What has been your greatest career achievement? This goes back to the previous question, and it comes down to my own realisation of the pivotal need for cohesion between the business and technology message. I have always had a strong technology background, but once I realised the business aspect to technology was equally or more important than the pure technology, it changed my approach to my role. I am able to effectively drive initiatives on the business side, to the point where I became that liaison. That is one of my greatest accomplishments, and it is one that is still evolving. Being a CTO is never a static position, so this is an achievement that I am always working on.

Looking back with 20:20 hindsight, what would you have done differently? If I could go back in time, I would have focused on developing my business skills earlier in my career. As I have discussed, this is something that is intrinsic to my day-to-day work now and my progression as a professional, so in hindsight this is something I could have developed at an earlier stage.

What are you reading now? I am actually currently reading academic journal articles. From less of a technology standpoint and more a scientific standpoint, I am very interested in understanding the science behind Covid-19 for example. Journal articles, whether they might be from The Lancet or the New England Journal of Medicine, are always of great interest to me.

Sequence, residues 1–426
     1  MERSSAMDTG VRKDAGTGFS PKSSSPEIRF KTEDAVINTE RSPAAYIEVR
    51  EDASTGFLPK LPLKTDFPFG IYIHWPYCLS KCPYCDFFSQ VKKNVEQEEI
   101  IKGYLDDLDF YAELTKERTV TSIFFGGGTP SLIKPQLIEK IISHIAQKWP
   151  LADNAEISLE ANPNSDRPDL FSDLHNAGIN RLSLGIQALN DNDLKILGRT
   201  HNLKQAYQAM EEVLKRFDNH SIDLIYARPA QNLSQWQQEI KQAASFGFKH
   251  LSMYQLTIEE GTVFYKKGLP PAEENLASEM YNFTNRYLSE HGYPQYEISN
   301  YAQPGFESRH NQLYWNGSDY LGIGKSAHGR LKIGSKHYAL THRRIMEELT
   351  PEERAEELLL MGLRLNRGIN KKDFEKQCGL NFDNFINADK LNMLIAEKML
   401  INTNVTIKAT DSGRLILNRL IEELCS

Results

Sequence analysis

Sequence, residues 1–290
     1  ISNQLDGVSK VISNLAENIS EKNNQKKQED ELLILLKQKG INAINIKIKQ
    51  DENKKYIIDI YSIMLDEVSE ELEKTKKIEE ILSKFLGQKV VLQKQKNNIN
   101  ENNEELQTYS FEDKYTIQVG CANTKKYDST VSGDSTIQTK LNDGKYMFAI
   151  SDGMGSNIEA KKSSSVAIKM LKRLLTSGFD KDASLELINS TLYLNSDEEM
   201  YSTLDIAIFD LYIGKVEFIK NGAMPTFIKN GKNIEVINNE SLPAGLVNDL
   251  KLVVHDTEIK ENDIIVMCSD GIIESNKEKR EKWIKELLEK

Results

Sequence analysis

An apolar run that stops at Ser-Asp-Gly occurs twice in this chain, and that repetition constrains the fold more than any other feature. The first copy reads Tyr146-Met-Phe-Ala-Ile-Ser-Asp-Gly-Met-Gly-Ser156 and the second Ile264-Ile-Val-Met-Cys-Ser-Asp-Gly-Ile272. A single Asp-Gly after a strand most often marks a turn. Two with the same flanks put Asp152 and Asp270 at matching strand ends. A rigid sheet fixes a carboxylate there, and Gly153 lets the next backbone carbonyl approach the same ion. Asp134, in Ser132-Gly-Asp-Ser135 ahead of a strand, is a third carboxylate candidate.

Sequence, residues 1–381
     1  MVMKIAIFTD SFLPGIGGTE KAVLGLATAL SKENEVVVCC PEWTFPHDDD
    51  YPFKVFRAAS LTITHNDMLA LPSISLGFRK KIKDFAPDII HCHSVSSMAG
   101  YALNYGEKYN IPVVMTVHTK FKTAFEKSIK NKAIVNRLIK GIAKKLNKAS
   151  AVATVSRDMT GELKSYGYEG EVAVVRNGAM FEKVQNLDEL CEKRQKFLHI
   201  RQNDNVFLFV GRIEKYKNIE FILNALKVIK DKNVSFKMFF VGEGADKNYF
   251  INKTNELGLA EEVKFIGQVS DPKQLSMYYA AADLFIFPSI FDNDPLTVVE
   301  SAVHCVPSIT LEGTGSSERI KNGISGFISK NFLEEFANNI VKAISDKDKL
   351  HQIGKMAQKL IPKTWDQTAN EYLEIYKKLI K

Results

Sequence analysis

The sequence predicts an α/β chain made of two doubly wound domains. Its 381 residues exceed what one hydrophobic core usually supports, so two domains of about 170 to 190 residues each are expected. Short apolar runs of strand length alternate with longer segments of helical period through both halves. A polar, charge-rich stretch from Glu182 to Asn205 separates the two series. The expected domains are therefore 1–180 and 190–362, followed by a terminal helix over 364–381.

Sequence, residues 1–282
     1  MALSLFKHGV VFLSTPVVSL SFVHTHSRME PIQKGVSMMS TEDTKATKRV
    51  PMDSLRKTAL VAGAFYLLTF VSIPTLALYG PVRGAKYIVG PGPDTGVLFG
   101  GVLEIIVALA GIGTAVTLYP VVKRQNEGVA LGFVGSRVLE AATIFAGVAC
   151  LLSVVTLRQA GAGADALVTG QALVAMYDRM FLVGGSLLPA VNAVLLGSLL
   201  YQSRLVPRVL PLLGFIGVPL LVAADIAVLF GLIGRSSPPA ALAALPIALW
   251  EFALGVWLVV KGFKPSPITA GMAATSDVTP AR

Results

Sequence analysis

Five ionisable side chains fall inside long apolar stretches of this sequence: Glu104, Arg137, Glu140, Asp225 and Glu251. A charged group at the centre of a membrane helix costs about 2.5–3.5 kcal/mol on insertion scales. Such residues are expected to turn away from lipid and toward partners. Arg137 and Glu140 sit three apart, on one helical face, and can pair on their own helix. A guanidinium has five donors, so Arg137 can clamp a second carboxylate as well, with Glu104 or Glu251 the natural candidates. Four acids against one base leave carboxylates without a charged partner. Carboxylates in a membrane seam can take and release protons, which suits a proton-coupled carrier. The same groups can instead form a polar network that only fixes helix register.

Most people don’t know that I… Still develop film. It is funny how, as technologists, we are often perceived as people steeped in the latest technology trends and modernised technologies, but I am a bit old school in this sense, with a firm interest in older tech as well.

In my spare time, I like to… Explore. Whenever I can get back out into the world, I love to travel and experience new places and cultures. In a sense I am blessed on this front, living in Northern Canada, which means that my backyard is essentially infinite and getting out into that wilderness is something that I love doing in my spare time.

Ask me to do anything but… This is a difficult one, because there is nothing that really stands out. I am sure there is something one day that I will steer clear of but I like to think of myself as outgoing. Obviously, I have ethical and moral principles that I won’t compromise, but everything else is potentially negotiable.